Experts agree it could still be decades before we see fusion contributing to our electricity grid…………

One fear is the nuclear fusion breakthrough will siphon off investments and detract attention from current renewable alternatives, just as those technologies are becoming more and more viable.

Late last year the International Energy Agency released a report with an accompanying article, headlined: “Renewable power’s growth is being turbocharged as countries seek to strengthen energy security”.

…….. Global renewable power capacity is now expected to grow by 2,400 gigawatts (GW) over the 2022-2027 period, an amount equal to the entire power capacity of China today, according to Renewables 2022, the latest edition of the IEA’s annual report on the sector.”

January 8, 2023 Posted by | 2 WORLD, renewable, technology | Leave a comment

Great Britain produced a record amount of wind-powered electricity in 2022

Great Britain produced a record amount of wind-powered electricity in 2022,
according to the National Grid. More electricity came from renewable and
nuclear power sources than from fossil fuels gas and coal, the second
highest after 2020.

Replacing fossil fuels with green power is a core way
for the world to tackle the impacts of climate change. Sources like wind
and solar are also significantly cheaper and should lead to cheaper bills
in the long-run.

Overall 48.5% of electricity came from renewable and
nuclear power, compared to 40% from gas and coal power stations. On a
single day in November, more than 70% of electricity was produced by wind,
or around 20GW. That’s enough power to heat about 1700 homes for a year.

That record was again broken on 30 December when 20.918GW was generated by
wind turbines. For five months of the year (February, May, October,
November and December), more than half of electricity came from so-called
zero carbon electricity sources renewable and nuclear. And the use of coal
– the most polluting fossil fuel – continued to fall. In 2022 it generated
just 1.5% of electricity compared to 2012 when it was 43%.

BBC 6th Jan 2023

January 7, 2023 Posted by | renewable, UK | Leave a comment

Solar power innovation by two British local councils.

Over 100 council car parking spaces in Sudbury and Stowmarket have been
covered with solar panels to help power and reduce carbon emissions at two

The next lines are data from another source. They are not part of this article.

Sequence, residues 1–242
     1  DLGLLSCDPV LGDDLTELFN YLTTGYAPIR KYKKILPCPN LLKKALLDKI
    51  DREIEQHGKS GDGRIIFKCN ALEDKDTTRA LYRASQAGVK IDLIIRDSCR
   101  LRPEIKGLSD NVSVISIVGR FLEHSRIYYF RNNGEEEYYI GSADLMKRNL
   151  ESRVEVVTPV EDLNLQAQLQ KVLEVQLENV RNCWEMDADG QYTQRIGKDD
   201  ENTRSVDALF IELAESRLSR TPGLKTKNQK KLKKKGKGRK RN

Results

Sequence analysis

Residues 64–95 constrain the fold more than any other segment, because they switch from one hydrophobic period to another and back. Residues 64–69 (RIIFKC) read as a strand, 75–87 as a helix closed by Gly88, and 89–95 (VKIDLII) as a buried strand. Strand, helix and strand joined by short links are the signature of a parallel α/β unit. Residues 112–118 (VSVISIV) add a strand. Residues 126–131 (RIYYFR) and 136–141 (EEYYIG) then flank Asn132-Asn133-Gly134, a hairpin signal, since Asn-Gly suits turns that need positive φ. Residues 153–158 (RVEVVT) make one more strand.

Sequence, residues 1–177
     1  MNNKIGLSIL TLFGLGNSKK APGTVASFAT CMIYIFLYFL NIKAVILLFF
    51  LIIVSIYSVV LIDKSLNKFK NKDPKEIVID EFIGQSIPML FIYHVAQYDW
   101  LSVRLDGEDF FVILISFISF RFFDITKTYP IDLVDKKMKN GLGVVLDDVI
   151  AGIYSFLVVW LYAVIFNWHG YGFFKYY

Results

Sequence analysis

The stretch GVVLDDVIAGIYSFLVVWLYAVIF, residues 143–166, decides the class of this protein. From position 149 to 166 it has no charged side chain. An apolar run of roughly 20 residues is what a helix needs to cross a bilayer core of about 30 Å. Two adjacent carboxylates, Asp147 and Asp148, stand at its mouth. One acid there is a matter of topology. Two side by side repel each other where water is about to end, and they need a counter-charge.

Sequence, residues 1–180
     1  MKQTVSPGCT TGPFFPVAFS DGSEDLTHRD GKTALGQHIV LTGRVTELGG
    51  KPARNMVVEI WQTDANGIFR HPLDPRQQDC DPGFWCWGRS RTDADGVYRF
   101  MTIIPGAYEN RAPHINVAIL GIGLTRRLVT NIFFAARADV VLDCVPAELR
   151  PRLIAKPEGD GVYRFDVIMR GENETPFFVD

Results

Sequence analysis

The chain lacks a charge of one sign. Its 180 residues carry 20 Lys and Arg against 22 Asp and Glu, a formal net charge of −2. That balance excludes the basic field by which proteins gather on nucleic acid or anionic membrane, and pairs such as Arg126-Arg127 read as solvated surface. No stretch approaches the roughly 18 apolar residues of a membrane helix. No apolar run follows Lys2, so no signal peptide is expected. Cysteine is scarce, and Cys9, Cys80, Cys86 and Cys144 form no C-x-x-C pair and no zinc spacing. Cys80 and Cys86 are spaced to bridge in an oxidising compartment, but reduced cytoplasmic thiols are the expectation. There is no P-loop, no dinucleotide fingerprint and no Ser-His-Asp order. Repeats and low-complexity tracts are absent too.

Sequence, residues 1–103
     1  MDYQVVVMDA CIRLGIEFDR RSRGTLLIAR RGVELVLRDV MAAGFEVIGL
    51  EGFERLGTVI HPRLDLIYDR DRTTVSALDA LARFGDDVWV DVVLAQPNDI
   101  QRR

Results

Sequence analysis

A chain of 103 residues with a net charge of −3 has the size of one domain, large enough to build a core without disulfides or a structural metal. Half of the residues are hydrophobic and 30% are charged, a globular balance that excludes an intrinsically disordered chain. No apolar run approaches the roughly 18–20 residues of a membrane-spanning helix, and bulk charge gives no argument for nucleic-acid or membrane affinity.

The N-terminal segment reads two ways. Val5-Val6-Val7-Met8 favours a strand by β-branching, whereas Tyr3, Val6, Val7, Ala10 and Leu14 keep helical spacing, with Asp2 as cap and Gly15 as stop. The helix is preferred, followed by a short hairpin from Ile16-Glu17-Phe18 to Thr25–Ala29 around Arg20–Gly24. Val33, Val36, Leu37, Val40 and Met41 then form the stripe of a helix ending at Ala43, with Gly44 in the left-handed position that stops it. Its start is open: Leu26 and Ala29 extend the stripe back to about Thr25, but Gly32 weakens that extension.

council-owned leisure centres. Babergh and Mid Suffolk District Councils
have finished building solar carports more than 110 of their existing car
parking spaces to help power two of their leisure centres.

They are among the UK’s first rural local authorities to trial the technology, which will
reduce the centres’ reliance on the grid and cut carbon emissions. Seventy
solar carports are located at Mid Suffolk Leisure Centre in Stowmarket,
providing up to almost 24% of the centre’s annual electricity demand.

The remaining 40 are located at Kingfisher Leisure Centre in Sudbury, providing
over 16% of its annual electricity demand. Each site also includes battery
storage so excess energy produced during sunnier periods can be saved for
later, as well as eight electric vehicle charging points, including two
rapid chargers.

New Anglia 3rd Jan 2023

January 5, 2023 Posted by | renewable, UK | Leave a comment

As France’s nuclear energy sector falters, Britain’s wind and solar power booms

the continued sharp growth of green power in Britain’s electricity mix. Wind farms generated a record 28 per cent of the country’s needs this year, up from 23 per cent last year. Solar generation increased to 5 per cent this year, from essentially zero a decade earlier.

Britain exported more electricity to Europe than ever before this year while wind and solar generation hit all-time highs, according to the first analysis of the year’s power mix. The energy crisis in Europe prompted by
Russia’s invasion of Ukraine and safety problems at French nuclear plants resulted in Britain becoming a net exporter of electricity to the Continent for the first time in more than a decade.

Renewable power sources generated in excess of 40 per cent of Britain’s electricity needs for the first
time as both wind and solar output increased, according to the analysis by Imperial College London for Drax Electric Insights and seen by The Times.
Gas-fired power generation also increased, compensating for a sharp drop in imports and helping to supply the rising exports. Soaring gas prices meant power prices were almost twice as high as a year earlier. Iain Staffell, of Imperial College London, lead author of the report, said: “This has been a year like no other for the energy industry.

The public are feeling the pain of high gas prices on their energy bills, even though renewables are
providing the grid with more cheap, green electricity than ever before. The lesson from 2022 is that we need to break our addiction to fossil fuels once and for all if we want lower-cost and more secure energy supplies.”